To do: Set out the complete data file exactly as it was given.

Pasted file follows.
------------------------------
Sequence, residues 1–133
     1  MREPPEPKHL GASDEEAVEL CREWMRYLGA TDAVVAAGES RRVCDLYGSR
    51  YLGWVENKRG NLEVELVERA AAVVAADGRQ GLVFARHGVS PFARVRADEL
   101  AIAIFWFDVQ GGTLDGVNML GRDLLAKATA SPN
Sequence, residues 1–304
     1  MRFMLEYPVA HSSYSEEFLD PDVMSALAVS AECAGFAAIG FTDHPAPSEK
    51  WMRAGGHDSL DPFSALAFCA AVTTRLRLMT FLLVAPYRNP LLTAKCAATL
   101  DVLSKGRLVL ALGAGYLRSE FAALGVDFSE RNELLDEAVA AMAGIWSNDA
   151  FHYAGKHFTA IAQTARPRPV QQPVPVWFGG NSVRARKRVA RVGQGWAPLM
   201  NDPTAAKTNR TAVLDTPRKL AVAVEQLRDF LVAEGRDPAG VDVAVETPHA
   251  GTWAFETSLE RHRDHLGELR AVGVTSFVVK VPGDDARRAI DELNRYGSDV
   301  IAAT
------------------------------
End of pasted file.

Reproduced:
Sequence, residues 1–133
     1  MREPPEPKHL GASDEEAVEL CREWMRYLGA TDAVVAAGES RRVCDLYGSR
    51  YLGWVENKRG NLEVELVERA AAVVAADGRQ GLVFARHGVS PFARVRADEL
   101  AIAIFWFDVQ GGTLDGVNML GRDLLAKATA SPN
Sequence, residues 1–304
     1  MRFMLEYPVA HSSYSEEFLD PDVMSALAVS AECAGFAAIG FTDHPAPSEK
    51  WMRAGGHDSL DPFSALAFCA AVTTRLRLMT FLLVAPYRNP LLTAKCAATL
   101  DVLSKGRLVL ALGAGYLRSE FAALGVDFSE RNELLDEAVA AMAGIWSNDA
   151  FHYAGKHFTA IAQTARPRPV QQPVPVWFGG NSVRARKRVA RVGQGWAPLM
   201  NDPTAAKTNR TAVLDTPRKL AVAVEQLRDF LVAEGRDPAG VDVAVETPHA
   251  GTWAFETSLE RHRDHLGELR AVGVTSFVVK VPGDDARRAI DELNRYGSDV
   301  IAAT